A trie is an effective data structure that could be an excellent addition to your problem-solving toolbox. Let’s see which areas the trie usage is more applicable than a standard set or map implementation. And what other benefits you can get from using it.
I like the name trie more than prefix tree or digital tree, although prefix tree is the most accurate definition. The name trie comes from retrieval but is pronounced as “try,” not “tree.” The idea was to distinguish the trie from the tree.
Try to guess what a trie is. I built trie from 4 words: apple, banana, bastard, ban:
I highly recommend to use a visualization tool from the University of San Francisco to play with a trie.
Trie stores keys that are represented as a sequence (usually a string) compactly. Then you can use it as a set or a hash map to query keys. In addition to that, you get an opportunity to query keys and values by the key prefix.
I do not focus on the optimal algorithm. The goal of this article is to get you familiar with trie and when you can use it.
Let’s design a desired API:
It will be enough to implement these two functions: Insert and Contains, to grasp the idea. And it will be a reasonable basis for the following improvements.
I start by implementing generic rune trie. In Go rune is a superset of ASCII and represents Unicode code points. Think of it as char type in Java or C, but for Unicode.
So, there is Insert function without any optimizations, just the first naive implementation:
The algorithm is simple:
- Set current node value to the root node.
- For each letter of the word: a) Check if the current node contains a letter and if it does not have it, create a new node for the letter and attach it to the current node. b) But if it includes the letter, get the node under this letter and set it as the current node. Return to 2.
- Mark the last processed node as the end of the word.
Contains function is much simpler and seems straightforward:
We traverse a tree by letters until the last node.
Let’s benchmark this implementation. Go has tools to write simple benchmark tests like this one:
And then we run the benchmark:
Go bench tool does not count stack allocations, so I see that Contains function does not contain any heap allocations, which is excellent.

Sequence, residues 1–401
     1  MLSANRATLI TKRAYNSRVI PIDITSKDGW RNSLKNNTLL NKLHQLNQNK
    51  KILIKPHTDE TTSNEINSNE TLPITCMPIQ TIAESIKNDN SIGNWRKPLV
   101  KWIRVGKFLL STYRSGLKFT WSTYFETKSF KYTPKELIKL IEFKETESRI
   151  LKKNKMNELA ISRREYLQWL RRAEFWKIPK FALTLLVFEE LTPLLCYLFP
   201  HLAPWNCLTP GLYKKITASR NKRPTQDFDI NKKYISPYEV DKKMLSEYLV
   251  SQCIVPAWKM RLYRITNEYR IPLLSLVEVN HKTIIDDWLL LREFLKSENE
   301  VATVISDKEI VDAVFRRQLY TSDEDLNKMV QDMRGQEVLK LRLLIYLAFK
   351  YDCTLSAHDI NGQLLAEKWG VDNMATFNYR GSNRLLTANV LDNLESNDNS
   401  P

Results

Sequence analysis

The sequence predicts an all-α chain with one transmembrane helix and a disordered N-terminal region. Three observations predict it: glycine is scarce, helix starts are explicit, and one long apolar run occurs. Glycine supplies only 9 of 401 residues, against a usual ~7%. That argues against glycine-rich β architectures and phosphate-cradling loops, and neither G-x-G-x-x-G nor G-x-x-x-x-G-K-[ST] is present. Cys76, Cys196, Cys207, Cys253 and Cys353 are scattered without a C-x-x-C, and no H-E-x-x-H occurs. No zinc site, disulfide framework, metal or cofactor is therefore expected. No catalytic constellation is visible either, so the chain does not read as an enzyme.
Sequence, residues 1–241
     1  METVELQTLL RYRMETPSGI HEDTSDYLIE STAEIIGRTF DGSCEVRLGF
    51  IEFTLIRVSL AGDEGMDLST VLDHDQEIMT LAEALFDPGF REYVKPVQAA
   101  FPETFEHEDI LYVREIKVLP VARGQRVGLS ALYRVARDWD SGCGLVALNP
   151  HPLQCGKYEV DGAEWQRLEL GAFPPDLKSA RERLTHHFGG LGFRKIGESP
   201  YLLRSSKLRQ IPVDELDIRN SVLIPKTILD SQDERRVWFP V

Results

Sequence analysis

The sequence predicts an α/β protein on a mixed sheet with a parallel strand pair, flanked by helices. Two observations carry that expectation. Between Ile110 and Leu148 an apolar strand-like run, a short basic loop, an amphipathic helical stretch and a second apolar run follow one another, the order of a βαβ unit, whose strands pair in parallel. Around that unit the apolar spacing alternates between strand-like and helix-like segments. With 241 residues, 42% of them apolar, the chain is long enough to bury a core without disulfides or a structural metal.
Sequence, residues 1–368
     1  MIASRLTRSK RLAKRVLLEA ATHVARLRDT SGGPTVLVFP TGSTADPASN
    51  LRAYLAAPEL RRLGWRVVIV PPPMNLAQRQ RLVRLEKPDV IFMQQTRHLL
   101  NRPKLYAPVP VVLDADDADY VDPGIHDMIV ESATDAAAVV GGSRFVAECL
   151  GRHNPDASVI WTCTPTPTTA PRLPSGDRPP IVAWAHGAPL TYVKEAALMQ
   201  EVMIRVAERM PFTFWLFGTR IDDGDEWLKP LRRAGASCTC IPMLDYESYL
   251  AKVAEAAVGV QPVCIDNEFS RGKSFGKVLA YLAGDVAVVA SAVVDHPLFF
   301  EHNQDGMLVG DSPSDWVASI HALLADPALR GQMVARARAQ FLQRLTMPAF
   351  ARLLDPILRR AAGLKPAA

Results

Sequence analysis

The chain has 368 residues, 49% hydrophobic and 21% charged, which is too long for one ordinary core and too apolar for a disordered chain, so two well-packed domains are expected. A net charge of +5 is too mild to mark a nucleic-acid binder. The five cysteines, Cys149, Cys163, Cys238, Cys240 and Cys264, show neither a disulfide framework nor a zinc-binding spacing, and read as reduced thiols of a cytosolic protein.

Trie structure enables us to add one more function that is not feasible for a regular hash map — SearchByPrefix:
The function is not optimized, but it shows that this is possible and not so complex. It calls the function defined earlier
Since the trie allows to search words by prefix, it is a good candidate for autocompletion algorithms.
fasthttp library for Go uses trie as an internal implementation for routing. It is not only the fastest (probably) implementation of the routing, but it also does not produce any garbage.
You can dive deeper if you wish.
If you need:
- A set in which you might need to perform a lookup by the prefix.
- Compactly store a lot of similar data.
- You build the structure once and query it after.
Trie might be a good candidate for you.
For example, you build a set of domains, including subdomains in memory at the application startup, and then only query it. You might consider a trie for this task.
But anyway, always check your performance assumptions with benchmarks.
If you do not need to lookup by prefix and your data structure is changing a lot, a hash map or a hash set is a better alternative.
Known trie implementations
I found two exciting libraries with an exemplary implementation of trie:
You can also use mine, but it is not optimized and created for learning purposes
Originally published at https://scalabledeveloper.com.